Teolinda Gersão was born in Coimbra, Portugal, in 1940 and studied German, Romance and English Studies in Coimbra, Tübingen and Berlin. She worked as an Assistant Lecturer at Berlin’s Technical University and lectured in German Literature and Comparative Studies at Lisbon’s New University. Since 1995 she has dedicated herself exclusively to writing. Her time in Berlin, as well as the two years she spent living in São Paulo and a stay in Mozambique’s capital Maputo (then Lourenço Marques), greatly influenced the writer and feature in some of her work: ‘Encontro no S-Bahn’ [Encounter on the S-Bahn] (Berlin); some text excerpts from Os Guarda-Chuvas Cinitilantes [The Glittering Umbrellas] (São Paulo); A Árvore das Palavras [The Word Tree] (set in Lourenço Marques/Maputo) and ‘A Mulher Que Prendeu a Chuva’ [The Woman Who Stole the Rain] (set in Lisbon, juxtaposing European and African cultures). Teolinda Gersão represented Portugal at the 1997 book fair in Frankfurt and was the writer-in- residence at the University of Berkeley, California, in 2004.

Gersão sees herself mainly as a novelist, and certainly the early part of her career as a writer is dominated by the genre. Her first novel O Silêncio [Silence] was published in 1981 to great critical acclaim and won the Prémio de Ficção do Pen Club that year. The silence of O Silêncio is founded in a patriarchal system that denied women a voice in public, in marriage, and as writers. The novel’s heroine Lídia tries to break the silence imposed on her by a male-dominated society through acts of resistance (the most controversial is the implied abortion in the closing sections of the novel), just as a whole new generation of Portuguese women writers (Teolinda Gersão amongst them) were trying to break the male hold over literary production in the 1980s. Gersão declares in an interview with the Frankfurter Rundschau in 1987 that censorship under the Salazar regime was one of the main impediments to the publication of her texts, but it is not simply the political silencing that many of her novels thematise. Most of her heroines, like Lídia, resist the impositions of male hegemony, demanding a new language and a new society that would grant women the same rights as men.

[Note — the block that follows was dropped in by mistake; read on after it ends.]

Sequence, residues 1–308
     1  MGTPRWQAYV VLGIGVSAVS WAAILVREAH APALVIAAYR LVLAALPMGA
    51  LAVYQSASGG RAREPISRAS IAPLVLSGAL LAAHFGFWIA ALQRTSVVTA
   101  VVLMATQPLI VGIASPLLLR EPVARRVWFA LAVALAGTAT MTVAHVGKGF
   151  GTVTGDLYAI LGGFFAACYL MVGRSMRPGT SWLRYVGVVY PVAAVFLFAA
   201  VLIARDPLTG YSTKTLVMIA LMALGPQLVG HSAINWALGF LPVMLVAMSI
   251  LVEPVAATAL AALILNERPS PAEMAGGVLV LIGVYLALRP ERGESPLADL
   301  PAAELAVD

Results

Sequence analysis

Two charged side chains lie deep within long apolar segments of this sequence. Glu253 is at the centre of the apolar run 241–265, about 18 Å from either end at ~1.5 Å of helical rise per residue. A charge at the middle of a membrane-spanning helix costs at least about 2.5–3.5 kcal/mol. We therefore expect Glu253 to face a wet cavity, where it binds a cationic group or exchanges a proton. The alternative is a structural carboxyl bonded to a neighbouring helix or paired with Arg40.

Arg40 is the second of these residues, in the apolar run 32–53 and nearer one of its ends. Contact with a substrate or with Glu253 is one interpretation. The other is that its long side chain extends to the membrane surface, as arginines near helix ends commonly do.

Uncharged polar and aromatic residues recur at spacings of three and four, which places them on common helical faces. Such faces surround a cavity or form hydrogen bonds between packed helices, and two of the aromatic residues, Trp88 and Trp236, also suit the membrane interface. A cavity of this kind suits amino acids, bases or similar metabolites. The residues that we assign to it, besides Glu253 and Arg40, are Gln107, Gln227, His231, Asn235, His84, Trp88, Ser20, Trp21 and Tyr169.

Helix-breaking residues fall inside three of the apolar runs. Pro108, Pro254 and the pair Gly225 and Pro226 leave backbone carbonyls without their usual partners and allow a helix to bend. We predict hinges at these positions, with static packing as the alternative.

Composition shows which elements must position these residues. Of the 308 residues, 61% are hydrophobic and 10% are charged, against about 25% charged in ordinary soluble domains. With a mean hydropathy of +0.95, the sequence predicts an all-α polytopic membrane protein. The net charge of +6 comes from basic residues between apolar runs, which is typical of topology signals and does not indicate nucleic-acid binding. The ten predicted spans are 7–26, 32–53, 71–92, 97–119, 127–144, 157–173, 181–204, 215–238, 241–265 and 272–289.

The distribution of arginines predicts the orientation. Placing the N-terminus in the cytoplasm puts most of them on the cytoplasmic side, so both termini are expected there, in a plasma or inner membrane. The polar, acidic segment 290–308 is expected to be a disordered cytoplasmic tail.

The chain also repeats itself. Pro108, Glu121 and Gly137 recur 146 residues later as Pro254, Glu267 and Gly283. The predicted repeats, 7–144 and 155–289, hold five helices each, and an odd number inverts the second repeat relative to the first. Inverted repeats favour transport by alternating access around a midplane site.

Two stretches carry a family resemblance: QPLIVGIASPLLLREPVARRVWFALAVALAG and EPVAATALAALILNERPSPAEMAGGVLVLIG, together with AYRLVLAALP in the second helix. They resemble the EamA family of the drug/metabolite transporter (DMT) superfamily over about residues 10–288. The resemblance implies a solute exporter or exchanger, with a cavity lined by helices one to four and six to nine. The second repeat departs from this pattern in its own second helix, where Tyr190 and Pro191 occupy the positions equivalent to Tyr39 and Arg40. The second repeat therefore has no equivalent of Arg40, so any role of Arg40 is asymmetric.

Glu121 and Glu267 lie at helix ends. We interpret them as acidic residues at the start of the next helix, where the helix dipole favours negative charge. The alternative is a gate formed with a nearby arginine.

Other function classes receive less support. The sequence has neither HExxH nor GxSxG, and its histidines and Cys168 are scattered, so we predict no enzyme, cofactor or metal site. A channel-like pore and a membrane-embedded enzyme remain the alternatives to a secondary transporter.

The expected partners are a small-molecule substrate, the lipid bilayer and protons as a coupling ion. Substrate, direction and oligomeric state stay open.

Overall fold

After the publication of her second novel Paisagem com Mulher e Mar ao Fundo [Landscape with Woman and Sea], which depicts Hortense’s reckoning and coming to terms with the trauma of Salazar’s dictatorship after the Carnation Revolution on 25 April 1974, and a children’s book História do Homem na Gaiola e do Pássaro Encarnado [The Story of the Man in the Bird Cage and the Red Bird] (1982), Gersão turned to the more experimental fiction of Os Guarda-Chuvas Cintilantes [The Glittering Umbrellas] (1984). The text could be described as an ‘anti-diary’ that features short excerpts of dialogue between human protagonists and talking animals as well as stories of metamorphosis, such as that of the woman who turns into a fox, later published first in English translation as ‘The Red Fox Fur Coat’ (2004) in the Threepenny Review and then included as a short story in Portuguese as ‘Um Casaco de Raposa Vermelha’ in the collection A Mulher Que Prendeu a Chuva in 2007.